“God is Watching”

Elizabeth Dias on how some Christians are responding to the debt ceiling wrangling in Washington:

Sojourners, a Christian social justice organization, ran a full-page ad in Politico on Thursday morning, warning politicians that “God is Watching” their actions. Sojourners’ supporters have sent nearly 100,000 emails to Congress on budget morality in the past two weeks. “Scriptures teach that God is especially concerned with how the decisions of the politically powerful effect the poor and vulnerable (Isaiah10),” Tim King, a spokesman for Sojourners, told TIME. “The politically easy thing is to cut programs for those in need because poor people don’t have much for lobbyists in Washington D.C. The morally right thing is to defend those whom Jesus called, ‘the least of these.’”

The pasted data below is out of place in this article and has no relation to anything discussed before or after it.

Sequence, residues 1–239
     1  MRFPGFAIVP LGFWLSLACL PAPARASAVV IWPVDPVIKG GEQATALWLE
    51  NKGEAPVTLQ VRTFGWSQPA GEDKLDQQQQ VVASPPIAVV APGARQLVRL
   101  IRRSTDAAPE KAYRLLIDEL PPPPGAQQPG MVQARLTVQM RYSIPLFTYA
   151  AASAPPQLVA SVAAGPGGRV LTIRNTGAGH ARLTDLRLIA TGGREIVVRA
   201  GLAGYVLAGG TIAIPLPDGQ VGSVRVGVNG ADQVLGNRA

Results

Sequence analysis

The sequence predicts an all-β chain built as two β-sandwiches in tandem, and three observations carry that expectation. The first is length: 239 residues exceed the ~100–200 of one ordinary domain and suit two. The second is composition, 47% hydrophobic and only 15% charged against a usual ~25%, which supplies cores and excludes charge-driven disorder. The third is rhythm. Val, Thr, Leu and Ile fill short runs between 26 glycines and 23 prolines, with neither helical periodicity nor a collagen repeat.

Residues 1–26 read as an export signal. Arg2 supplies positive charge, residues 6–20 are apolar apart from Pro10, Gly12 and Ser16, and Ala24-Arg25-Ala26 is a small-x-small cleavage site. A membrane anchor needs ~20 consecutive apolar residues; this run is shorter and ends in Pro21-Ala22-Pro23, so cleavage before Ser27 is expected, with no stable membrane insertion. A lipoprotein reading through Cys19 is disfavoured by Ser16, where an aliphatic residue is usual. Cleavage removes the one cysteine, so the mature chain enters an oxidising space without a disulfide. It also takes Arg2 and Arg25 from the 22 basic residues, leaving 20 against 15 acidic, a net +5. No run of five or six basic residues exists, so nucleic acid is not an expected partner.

2 thoughts on ““God is Watching”

  1. I absolutely agree! As Christians[followers of Jesus], we should be drawn to care about the people and issues that Jesus cared about. The “Christian” right has wasted so much energy and money fighting for causes that protect the privileged, convey greed and hatefulness, while a hurting world is missing the good news and compassion Jesus commissioned us to proclaim.

  2. I was always under the impression that living within ones means was a good thing and even a godly principle. Doesn’t the Bible have things to say about borrowing and loaning money? If I could take out a loan and use the money for really good causes should I ? How much should I borrow ? There is no end to really great organizations and cause that would benefit from additional dollars but I can’t just limit my wasteful spending but also my spending on truly good things. Is it that much different for a government. When our government borrows 40 cents out of every dollar we spend isn’t it possible that we have let our spending habits get out of control? Maybe instead of increasing our borrowing we need to take a closer look at how we are handling the money we already have. Maybe God is watching our borrowing habits as well.

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